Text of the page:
TROY, MO (KTVI)-- Prosecutors say a 911 call was an act. It`s a call from convicted murderer Russ Faria, reporting his wife killed herself. A jury later convicted Faria for stabbing his wife 55 times and leaving a steak knife in her neck. Now the 911 operator who took the call, is speaking out.
Prosecutors narrowed in on the 911 call as what they called an example of Russ Faria`s evil nature. They called to the stand a 911 supervisor who testified Faria`s call was strange. But the supervisor did not take the call. We tracked down the 911 operator who answered the call. Her story is one the jury did not hear.
Russ Faria began his call to 911 sobbing. The operator asked, "What`s the address?"
Faria stuttered in response, "1-1-1-130 sumac."
Former 911 operator Tammy Vaughn picked up that call. She immediately knew it might be her toughest. Vaughn said, "I could hardly take the call, because I looked over at my supervisor and I did one of those, 'I don`t know if I can do this.'"
Vaughn continued the entire ten minute call. She did what she says she`s trained to do, get Faria to answer questions about his dead wife Betsy.
Russ was screaming when Vaughn asked, "How long were you gone today?" Faria answered, "I left around five and I just got back. She was at her Mom`s and her friend was bringing her back and I don`t know when she got home."
In court, a 911 supervisor testified that it was unusual the way Faria went in and out of his hysteria. The defense objected, but the judge overruled it and the jury was led to believe that even 911 operators thought the call was odd. But the prosecution never called the actual 911 operator, Tammy Vaughn, who says she never questioned the call.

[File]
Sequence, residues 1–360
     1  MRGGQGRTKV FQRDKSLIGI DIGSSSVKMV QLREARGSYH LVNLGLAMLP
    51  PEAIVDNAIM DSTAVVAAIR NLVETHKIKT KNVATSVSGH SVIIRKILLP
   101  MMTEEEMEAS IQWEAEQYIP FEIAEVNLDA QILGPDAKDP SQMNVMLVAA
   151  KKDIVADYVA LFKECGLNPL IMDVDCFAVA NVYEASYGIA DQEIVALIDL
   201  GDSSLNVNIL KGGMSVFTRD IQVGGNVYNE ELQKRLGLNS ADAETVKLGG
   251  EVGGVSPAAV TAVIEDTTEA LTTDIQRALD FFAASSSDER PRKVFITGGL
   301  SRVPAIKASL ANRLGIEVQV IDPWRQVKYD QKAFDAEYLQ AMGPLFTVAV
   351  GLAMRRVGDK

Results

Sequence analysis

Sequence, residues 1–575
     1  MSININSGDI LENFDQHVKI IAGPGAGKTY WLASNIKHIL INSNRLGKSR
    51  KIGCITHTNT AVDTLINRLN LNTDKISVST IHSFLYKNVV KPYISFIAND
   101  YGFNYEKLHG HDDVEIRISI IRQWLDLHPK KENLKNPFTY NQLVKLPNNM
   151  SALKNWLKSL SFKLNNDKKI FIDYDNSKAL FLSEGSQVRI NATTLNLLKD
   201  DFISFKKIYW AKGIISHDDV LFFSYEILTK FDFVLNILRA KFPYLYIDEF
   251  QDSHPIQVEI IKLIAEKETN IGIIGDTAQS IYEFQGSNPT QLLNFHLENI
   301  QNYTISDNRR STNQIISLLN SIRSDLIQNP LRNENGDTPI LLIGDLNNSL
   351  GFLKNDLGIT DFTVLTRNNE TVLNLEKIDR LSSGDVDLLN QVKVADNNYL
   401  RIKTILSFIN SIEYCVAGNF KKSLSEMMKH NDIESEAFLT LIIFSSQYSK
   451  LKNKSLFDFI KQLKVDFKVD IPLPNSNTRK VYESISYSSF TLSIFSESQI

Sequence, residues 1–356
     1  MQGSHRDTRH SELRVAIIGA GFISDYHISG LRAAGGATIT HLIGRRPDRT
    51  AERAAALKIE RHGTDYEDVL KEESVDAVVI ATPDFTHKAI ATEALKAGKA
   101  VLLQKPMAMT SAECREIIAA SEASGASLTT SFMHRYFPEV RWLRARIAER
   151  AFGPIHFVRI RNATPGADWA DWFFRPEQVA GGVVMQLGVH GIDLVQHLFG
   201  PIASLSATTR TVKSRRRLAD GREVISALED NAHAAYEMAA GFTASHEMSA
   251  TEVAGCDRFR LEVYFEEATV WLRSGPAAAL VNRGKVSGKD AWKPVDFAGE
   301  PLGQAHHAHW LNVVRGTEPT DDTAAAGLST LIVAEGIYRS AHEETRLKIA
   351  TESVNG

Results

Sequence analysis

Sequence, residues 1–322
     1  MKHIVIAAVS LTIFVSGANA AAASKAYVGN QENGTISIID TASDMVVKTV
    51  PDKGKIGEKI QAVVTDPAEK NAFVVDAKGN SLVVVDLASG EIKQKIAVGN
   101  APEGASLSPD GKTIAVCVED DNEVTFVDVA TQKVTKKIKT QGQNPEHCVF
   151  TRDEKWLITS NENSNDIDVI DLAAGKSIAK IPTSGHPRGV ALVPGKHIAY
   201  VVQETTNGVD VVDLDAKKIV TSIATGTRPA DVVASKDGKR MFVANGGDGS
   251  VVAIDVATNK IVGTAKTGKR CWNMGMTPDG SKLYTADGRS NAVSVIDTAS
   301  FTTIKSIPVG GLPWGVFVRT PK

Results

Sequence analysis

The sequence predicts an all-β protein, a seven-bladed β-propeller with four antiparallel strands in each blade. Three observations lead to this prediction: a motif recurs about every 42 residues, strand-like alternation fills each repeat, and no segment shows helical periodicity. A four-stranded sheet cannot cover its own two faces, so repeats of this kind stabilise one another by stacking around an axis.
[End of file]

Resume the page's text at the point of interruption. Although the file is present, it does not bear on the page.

Vaughn said, "You can`t fake that. You can`t fake that emotion. In my personal opinion you can`t. Are there are people out there who can do it? I don`t know because all the calls I have taken have been true, hysterical callers."
Vaughn says 911 operators are expected to get hysterical callers to answer questions. She explained, "It`s a redirection. It`s a technique that communicators use to try to redirect, calm them down. Ask him the question and then whenever they have to focus back on the victim or the patient the person that`s there that`s needing the help, then they do what`s called a re-freak."
It happened repeatedly on the Faria call.
Once when Faria was screaming, Vaughn asked him, "Has she been depressed lately?" Faria responded, "She`s got, she`s got, she`s got cancer." Vaughn kept engaging him when she said, "I need you to get those medications for me." Faria answered, "I think they`re here on the table."
Then in another twist, Vaughn discovered something the following week. She told us, "I later on learned that I knew them. At the time I took the call I had no idea who it was and then later on I realized that it was a couple that I went to church with."
She can now see them standing side by side in her mind and she cannot forget one particular phrase she heard during Russ Faria`s call.
He cried, "What am I gonna do?"
When she heard that, she says she thought she might not last. Instead, she held on with him until police arrived.
Even though Russ Faria gave his full name at the beginning of that call, Vaughn said she didn`t put it together at that time that she knew him. She said she didn`t know him well, rather only in passing at church.